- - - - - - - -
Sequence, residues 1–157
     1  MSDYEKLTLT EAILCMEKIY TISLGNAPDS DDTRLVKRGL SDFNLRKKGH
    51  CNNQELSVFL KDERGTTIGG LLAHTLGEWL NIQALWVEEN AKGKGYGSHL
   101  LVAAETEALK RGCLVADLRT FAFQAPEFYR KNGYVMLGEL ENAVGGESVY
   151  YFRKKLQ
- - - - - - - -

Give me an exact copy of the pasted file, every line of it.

Sequence, residues 1–157
     1  MSDYEKLTLT EAILCMEKIY TISLGNAPDS DDTRLVKRGL SDFNLRKKGH
    51  CNNQELSVFL KDERGTTIGG LLAHTLGEWL NIQALWVEEN AKGKGYGSHL
   101  LVAAETEALK RGCLVADLRT FAFQAPEFYR KNGYVMLGEL ENAVGGESVY
   151  YFRKKLQ